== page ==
Members of the Red Oak City Council unanimously approved a zoning change and preliminary plat plan for a 511-home development that includes a $1 million city park at Monday's meeting.
Casey Hargrove presented the plans and details of the proposed 167-acre Oakmont Park housing development to the council, which will be located at the northeast corner of Ovilla Road and State Highway 342.
“Tonight’s consideration is for the residential area only. The commercial development will be discussed later," explained Red Oak City Manager Todd Fuller.
Hargrove added, "This plan has many elements of the park proposed by the city during a recent bond hearing. The bond proposed by the city failed. This park will be built at no cost to the city. Once completed, it will be dedicated to the city.
“Elements of the park includes paved parking for the park itself with a gravel overflow parking area, playground with play equipment, paved one-mile walking and biking trail, splash pool, four under eight soccer fields and three under 10 soccer fields," Hargrove continued. "There is nothing in the way of parks on the east side of the city."
According to Hargrove, the 8.5-acre park will cost the development company approximately $1 million to build.
Before approving the zoning change, the council considered other elements of the development.
The Oakmont Park development was previously planned for 534 lots, which was reduced to 511 at about 50 feet wide. There will also be no rear alleys.
“We feel with no rear alleys, we will be able to offer a larger backyard that many people are looking for,” Hargrove said.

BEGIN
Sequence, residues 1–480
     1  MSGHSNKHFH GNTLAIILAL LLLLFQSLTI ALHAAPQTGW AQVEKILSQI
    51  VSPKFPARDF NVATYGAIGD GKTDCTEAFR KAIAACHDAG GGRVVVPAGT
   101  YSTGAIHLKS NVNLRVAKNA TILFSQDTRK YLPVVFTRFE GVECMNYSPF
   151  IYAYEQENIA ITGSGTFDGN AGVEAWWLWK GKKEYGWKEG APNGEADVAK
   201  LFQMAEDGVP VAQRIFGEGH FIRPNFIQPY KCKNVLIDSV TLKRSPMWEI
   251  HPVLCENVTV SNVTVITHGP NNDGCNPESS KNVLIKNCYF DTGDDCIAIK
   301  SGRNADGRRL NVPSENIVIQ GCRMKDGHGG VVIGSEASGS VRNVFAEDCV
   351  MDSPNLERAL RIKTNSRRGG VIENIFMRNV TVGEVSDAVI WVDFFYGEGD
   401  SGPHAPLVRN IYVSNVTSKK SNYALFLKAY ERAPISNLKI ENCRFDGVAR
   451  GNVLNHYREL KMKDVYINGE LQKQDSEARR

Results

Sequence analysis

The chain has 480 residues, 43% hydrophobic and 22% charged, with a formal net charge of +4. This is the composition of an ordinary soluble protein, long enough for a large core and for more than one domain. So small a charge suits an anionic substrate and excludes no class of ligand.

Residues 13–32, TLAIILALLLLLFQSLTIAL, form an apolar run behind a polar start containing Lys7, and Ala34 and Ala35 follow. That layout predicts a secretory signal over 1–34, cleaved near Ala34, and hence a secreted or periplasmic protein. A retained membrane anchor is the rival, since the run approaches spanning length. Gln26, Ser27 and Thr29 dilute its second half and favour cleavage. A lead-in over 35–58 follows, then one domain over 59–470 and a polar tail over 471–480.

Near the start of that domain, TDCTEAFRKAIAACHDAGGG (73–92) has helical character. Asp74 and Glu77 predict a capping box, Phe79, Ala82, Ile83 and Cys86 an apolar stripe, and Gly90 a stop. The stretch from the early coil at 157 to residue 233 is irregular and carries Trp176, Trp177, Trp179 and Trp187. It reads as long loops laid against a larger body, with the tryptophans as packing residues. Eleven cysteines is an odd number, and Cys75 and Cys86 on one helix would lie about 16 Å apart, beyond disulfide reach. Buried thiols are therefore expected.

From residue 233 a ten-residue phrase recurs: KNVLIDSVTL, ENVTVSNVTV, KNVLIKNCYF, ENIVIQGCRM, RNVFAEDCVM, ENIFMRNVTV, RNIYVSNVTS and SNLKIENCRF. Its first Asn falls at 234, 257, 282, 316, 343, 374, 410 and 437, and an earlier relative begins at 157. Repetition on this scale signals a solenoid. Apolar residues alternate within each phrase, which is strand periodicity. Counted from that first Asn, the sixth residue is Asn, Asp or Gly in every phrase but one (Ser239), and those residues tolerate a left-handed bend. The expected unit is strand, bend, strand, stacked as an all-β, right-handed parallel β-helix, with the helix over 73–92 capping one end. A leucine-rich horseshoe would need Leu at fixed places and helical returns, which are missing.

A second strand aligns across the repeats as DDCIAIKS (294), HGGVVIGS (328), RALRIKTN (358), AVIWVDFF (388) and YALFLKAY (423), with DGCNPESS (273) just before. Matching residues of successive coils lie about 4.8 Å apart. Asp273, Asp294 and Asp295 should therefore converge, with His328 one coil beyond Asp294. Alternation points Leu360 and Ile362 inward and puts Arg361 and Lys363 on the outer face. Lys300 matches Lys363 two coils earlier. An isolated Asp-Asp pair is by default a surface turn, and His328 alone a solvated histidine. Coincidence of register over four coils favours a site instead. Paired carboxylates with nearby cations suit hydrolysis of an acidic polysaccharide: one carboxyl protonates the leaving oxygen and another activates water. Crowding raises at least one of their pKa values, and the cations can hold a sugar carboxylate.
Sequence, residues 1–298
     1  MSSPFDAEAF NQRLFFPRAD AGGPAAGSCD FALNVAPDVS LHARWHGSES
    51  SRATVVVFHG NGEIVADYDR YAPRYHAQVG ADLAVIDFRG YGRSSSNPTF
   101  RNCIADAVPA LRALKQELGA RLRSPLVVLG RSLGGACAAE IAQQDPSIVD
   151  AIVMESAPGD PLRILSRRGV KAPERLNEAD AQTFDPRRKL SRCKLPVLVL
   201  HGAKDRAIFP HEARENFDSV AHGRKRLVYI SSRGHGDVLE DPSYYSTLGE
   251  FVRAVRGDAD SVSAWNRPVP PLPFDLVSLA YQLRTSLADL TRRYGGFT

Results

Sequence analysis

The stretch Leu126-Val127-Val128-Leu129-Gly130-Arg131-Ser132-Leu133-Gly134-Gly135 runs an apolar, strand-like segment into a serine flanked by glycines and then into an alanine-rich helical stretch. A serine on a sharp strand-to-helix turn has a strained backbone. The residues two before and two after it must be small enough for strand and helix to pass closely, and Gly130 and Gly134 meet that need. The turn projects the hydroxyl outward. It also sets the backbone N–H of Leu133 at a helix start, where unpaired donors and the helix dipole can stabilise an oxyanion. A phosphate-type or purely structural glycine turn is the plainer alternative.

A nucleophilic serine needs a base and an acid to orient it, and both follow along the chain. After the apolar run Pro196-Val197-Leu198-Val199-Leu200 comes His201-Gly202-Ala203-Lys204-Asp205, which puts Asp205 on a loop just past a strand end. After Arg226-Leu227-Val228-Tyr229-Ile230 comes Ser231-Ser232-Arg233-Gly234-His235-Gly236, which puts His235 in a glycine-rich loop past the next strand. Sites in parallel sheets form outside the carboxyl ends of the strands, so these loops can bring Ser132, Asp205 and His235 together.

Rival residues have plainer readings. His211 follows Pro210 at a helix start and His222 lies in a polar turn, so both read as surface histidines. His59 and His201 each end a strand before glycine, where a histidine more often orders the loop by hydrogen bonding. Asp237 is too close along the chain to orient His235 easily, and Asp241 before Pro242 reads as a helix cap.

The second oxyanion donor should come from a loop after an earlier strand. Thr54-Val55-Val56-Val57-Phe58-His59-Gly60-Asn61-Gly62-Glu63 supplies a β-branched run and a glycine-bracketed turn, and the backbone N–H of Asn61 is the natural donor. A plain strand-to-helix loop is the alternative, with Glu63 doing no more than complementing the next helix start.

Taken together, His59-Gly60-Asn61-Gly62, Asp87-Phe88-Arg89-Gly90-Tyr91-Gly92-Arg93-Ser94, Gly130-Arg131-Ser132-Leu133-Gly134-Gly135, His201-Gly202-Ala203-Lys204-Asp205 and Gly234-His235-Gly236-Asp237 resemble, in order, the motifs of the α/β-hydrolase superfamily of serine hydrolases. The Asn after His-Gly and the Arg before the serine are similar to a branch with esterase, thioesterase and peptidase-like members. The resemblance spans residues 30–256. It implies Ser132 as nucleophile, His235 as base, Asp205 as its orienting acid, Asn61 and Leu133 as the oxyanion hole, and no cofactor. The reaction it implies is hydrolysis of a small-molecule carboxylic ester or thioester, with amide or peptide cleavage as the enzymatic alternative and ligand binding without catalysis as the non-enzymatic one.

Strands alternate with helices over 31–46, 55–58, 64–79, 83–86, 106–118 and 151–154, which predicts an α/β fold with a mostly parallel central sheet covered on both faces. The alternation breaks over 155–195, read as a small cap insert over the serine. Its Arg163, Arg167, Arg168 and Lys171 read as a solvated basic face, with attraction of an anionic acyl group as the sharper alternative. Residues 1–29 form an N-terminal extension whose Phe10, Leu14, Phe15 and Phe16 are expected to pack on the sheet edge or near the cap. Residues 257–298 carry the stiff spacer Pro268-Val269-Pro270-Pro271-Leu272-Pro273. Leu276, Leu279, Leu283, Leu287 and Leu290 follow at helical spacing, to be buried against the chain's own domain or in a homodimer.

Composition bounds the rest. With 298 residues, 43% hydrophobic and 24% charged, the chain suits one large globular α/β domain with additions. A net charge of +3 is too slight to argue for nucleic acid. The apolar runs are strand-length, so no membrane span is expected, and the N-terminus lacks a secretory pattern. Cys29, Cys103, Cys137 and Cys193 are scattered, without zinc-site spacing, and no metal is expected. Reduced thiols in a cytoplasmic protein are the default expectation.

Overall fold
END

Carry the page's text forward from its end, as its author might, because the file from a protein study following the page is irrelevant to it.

Hargrove requested the council to amend a City of Red Oak Planning and Zoning request for 1,800-square-foot minimum house footprint, and, instead, allow for the homes to be constructed around 1,750 square feet to allow the builders more floorplan options.
The request was approved.
Fuller told the council, this development will break from previous development requirement of having a homeowners' association.
“There will be a PID, Public Improvement District. With recent legislation regulating homeowners associations, a PID will be a better deal for the homeowner and the city," Fuller explained. "Instead of paying HOA dues, an assessment will be made that will be a part of the homeowner’s city tax. These fees will maintain the common areas as well as the park."
A public hearing for another zoning change to allow for the construction of an age-restricted and gated neighborhood with both single family and townhome-type dwellings was heard by the council. However, no action was taken on the proposed Oakhill Crossing project that would also include a commercial area during a later phase.
The proposed area for the development — south of The Oaks Church — is partially within both the Red Oak and Waxahachie city limits.
“First, we will have to look at the plat plan to make sure city limit lines do not go through any dwelling lots. Next, Waxahachie has different requirements as far as elevations and design criteria," Fuller stated. "We will have to get with them to work through these and other issues so the community will have a uniform look."
Following an executive session, the council unanimously approved a land purchase by the Red Oak Economic Development Corporation. The land is located between the lake by Red Oak City Hall and the service road of Interstate Highway-35.
The purchase price for the 1.337 acres is $195,000.
“We already owned the lot to the north," Fuller said. "This will give us a continuous tract for future development."
Following the department reports, Ray Silva-Reyes, Public Works and Community Development Director, submitted his resignation to the council. “It is with deep regret that I submit my resignation," Silva-Reyes said. "The City of Red Oak has been very good to me. However, I have accepted the position of Public Works Director for the City of Colleyville."
Fuller stated Silva-Reyes has been a "good worker and has the highest work ethic anyone could have. We will miss him and wish him the best of luck in his new position."